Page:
#### This article will help you:

- Read and interpret a Compass chart
- Understand correlation and why Compass uses it

Amplitude's **Compass** chart shows how a new user firing an event correlates with that user being retained. Understanding which user events lead to retention is a critical tool in driving sustainable product growth.

## Before you begin

Make sure to read our article on building a Compass chart before you dive in here. Otherwise, this article won't make much sense.

## How to read your Compass chart

When you first launch a Compass chart, you might have a specific hypothesis about which events are likely to drive retention. But even if you don't, Compass can help you develop one.

In the previous article, you saw how Compass generates a heat map of user events and correlations by default when *Any Event* is selected.

This is a quick summary of the events most correlated with members of a base cohort of users converting to a target cohort. It's a great place to start if you don't have much data to go on yet.

**NOTE:** If you're not familiar with correlation, check out our handy explanation towards the end of this article.

You can sort the table in ascending or descending correlation for a given day by clicking on the day labels across the top. Clicking on a specific cell will bring a popup containing more detailed information about the event/day combination you selected.

This summary report is useful for looking at your data from a bird's-eye view, e.g. looking for events that should have been at the top but were not.

Once you choose an event to focus on, Compass replaces the heat map view with a more detailed breakdown.

As an example, let's look at how triggering the event `Social Action: Add Friends`

within the first seven days of becoming a new users correlates with second-week retention, and walk through the different components of the reports generated by Compass.

On the left, we see the **correlation scores** of that event, sorted out by the frequency with which your users have triggered it. By default, the report will show you the frequency with the highest correlation. Here, you can see that users who triggered `Social Action: Add Friends`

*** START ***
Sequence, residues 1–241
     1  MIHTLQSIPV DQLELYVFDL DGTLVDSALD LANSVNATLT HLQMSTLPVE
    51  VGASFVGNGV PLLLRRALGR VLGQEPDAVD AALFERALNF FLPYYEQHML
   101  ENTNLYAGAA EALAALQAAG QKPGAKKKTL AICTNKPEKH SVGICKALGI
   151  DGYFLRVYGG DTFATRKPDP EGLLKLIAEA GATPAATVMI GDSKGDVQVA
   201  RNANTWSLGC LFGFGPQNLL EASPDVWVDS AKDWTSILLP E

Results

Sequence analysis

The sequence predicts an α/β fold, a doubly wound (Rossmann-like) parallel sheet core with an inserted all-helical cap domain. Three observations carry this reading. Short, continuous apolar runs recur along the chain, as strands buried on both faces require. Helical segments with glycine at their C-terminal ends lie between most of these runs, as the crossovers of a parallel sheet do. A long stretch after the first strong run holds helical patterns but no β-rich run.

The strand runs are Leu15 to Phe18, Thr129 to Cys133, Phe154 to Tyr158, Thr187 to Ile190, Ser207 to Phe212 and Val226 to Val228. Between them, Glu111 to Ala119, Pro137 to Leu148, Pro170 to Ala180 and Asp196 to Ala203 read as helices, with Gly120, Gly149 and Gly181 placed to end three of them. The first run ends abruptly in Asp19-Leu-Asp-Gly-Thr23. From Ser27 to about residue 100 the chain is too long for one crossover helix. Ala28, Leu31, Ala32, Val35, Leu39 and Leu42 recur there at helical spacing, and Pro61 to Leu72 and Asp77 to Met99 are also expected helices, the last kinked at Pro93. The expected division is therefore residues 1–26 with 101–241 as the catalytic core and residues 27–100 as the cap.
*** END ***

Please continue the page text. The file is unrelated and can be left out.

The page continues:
at least once had the highest correlation score, and are thus most likely to have ended up in the second-week retention cohort. However, the overall correlation between triggering `Social Action: Add Friends`

and second-week retention is weak overall.

**NOTE**: It's important to keep in mind that correlation and causation **are not the same thing**. A high correlation score may suggest some sort of causal relationship between two events, but it can also mean that each of those events is highly correlated with another, as-yet-unidentified event.

Click on any of the buckets to view a detailed breakdown of that event / frequency combination.

On the right, you can see the correlation score for (a) this event at this particular frequency, and (b) your target cohort. While it's hard to generalize, in some cases even correlations as low as 0.2 can be considered when looking at smaller numbers of initial days for each user.

Amplitude categorizes correlation scores like this:

**Highly Predictive: correlation >= 0.4****Moderately Predictive: 0.3 <= correlation < 0.4****Slightly Predictive: 0.2 <= correlation < 0.3****Not Predictive: correlation < 0.2**

### Create a cohort from your results

Let's return to our example above, where we looked at users who triggered the `Social Action: Add Friends`

event at least once in the first seven days they were new users. You can create a cohort by clicking *Create Cohort.* Then Amplitude will automatically compare their retention to new user retention.

Note that this comparison is based on **any active event**, and not simply `Any Event`

.

Clicking *Show* (next to *Correlation Table*) will bring up a detailed contingency table that shows the count of users in your base cohort in each of four categories: true positives, false positives, false negatives, and true negatives.